When I first started playing Rain World, I thought I had a nice little platform game in my hands. One with a cute main character who had to navigate a post-apocalyptic landscape in the usual way, jumping between platforms, avoiding enemies and so on. Well, that impression is technically not wrong, but there’s way more here than that. Rain World is a survival in the purest sense of the word. You’re a prey in a world of predators with limited opportunities to fight back. Don’t let the cute art style and awesome pixel art fool you. Rain World is relentless.
Adult Swim Games is not famous for publishing easy games and Rain World is no exception. If you think you know what relief means, this game will make you think again. The sensation of finding a bonfire in Dark Souls is nothing compared to finding an alcove in Rain World when you have enough food in your belly to hibernate. The whole game world is after the little protagonist, and our Slugcat hero has to embark on a long and difficult journey in order to reunite with their family, which is no easy task. As mentioned before, predators will hunt the little creature and they have only the player’s wits to defend themselves.
The main gameplay cycle is simple enough. Rain World is set in a place littered with the remains of a once thriving human civilization. Skeleton of skyscrapers and other ruins dot most of the landscape throughout your journey. Despite the less than friendly wildlife, the most dangerous thing in this world is the rain. It’s so thick, heavy and dense that our slugcat friend can’t survive in it, so finding yourself outside when the rain starts means an instant game over. The only way they can survive is to find a refuge and hibernate itself until the rain ends. Afterward, they’ll have to explore the world in order to find a new protective alcove while gathering enough food to go into hibernation for the whole period, all while avoiding strange creatures like snake-alligators, masked vultures, and shadow spiders.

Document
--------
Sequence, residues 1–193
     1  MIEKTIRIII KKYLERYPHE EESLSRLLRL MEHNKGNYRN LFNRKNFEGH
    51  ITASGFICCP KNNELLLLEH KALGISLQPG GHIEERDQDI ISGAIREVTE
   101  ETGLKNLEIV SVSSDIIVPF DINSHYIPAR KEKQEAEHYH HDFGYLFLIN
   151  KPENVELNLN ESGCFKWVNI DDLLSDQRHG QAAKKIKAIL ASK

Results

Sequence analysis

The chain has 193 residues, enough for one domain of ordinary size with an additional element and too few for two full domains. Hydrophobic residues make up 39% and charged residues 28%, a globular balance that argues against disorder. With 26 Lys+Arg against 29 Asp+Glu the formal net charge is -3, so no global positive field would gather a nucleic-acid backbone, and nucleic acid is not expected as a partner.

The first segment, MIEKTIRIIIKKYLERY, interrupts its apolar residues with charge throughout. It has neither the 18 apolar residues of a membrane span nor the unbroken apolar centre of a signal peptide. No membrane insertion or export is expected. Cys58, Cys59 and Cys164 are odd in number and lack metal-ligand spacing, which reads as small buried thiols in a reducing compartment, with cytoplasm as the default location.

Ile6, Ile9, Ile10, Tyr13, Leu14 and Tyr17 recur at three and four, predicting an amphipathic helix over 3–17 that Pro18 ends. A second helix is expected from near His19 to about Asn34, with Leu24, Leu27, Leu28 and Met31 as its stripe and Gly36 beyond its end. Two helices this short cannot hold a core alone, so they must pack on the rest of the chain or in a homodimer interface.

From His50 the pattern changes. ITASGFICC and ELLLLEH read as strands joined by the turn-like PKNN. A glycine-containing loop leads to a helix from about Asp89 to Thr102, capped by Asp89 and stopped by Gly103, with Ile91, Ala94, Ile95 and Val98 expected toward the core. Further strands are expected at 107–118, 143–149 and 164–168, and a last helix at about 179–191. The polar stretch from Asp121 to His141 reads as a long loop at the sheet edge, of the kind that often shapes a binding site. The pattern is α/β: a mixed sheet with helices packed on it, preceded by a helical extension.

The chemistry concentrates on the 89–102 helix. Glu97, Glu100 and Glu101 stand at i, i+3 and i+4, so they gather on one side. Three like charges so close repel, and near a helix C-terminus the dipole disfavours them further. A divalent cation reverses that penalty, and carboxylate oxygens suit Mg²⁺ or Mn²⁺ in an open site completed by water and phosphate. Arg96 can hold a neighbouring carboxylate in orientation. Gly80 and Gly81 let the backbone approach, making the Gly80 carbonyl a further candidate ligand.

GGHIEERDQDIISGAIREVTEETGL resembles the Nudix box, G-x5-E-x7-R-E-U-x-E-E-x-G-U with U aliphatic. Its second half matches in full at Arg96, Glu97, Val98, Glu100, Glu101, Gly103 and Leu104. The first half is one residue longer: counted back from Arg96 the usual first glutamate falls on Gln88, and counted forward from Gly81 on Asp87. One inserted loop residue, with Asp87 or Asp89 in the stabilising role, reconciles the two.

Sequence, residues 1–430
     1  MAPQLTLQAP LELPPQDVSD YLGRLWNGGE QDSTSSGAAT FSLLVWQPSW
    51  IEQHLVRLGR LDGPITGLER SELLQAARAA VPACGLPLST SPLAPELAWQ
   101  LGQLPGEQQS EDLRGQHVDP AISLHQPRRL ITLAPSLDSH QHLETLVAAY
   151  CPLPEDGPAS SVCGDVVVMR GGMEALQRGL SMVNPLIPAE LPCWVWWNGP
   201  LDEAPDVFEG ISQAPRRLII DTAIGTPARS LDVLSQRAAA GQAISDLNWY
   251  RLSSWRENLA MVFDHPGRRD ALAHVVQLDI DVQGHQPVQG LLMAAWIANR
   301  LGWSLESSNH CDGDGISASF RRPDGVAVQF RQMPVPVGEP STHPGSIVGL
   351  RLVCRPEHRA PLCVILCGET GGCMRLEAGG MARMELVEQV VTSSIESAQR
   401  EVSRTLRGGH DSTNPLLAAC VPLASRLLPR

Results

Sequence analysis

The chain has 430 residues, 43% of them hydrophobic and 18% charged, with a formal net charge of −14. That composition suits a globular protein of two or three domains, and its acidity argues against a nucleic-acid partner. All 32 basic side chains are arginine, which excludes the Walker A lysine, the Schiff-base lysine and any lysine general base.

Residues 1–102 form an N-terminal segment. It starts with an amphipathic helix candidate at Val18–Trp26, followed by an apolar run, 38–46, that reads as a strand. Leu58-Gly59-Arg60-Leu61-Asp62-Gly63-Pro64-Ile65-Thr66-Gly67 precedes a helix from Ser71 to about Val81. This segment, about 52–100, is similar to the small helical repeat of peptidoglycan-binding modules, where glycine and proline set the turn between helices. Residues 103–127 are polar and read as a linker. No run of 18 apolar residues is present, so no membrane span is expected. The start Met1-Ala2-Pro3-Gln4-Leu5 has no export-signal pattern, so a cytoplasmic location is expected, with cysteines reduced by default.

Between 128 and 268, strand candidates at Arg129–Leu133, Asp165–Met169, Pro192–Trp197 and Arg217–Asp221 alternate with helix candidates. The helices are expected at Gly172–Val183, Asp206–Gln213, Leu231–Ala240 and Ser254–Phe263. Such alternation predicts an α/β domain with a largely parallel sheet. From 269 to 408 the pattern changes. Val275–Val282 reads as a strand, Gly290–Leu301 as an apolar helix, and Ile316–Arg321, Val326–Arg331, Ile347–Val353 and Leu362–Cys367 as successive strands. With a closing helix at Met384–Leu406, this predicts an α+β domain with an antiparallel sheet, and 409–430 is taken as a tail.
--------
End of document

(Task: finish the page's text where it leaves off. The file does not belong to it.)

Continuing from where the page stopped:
Visually, the game is stunning, a true joy for the eyes. In this day and age, we see a lot of indie developers using pixel art for their titles but it’s rare to see such a beautiful use of it, with lots of details, shading and great use of lighting. However, it’s not only the art style that contributes to making Rain World a visual feast. The procedurally generated and physics based animations make all the characters interesting to watch as they move around the screen. Sure, it creates some erratic behavior from time to time, but it also adds to the charm. To put it bluntly, Rain World is simply gorgeous.
At the end of the day, Rain World is an enjoyable game to play. It gives you a challenge and a nice world to explore with many possible paths to go down. The problem is that sometimes it feels as if the game wants to hide information from the player. Trial and error is the best way to go forward in Rain World and apparently the game doesn’t like to tell you what your slugcat is capable of. In the first screens you see, you’re taught that you can pick up objects, throw objects and jump. That’s it. Slugcat can wall jump as well but that’s left for the player to discover. You can charge a jump in order to lunge forward but, again, you’ll have to find it on your own. The only way to know if the little critter is capable of swimming is to take a risk and jump in the water. This is a game that doesn’t hold your hand.
The full review is coming once we can get our slugcat through the night. For now, just know that Rain World is a great game to grab if you’re up for the challenge.
Rain World was previewed on PC via Steam with a code provided by the publisher. It will also be available on PlayStation 4.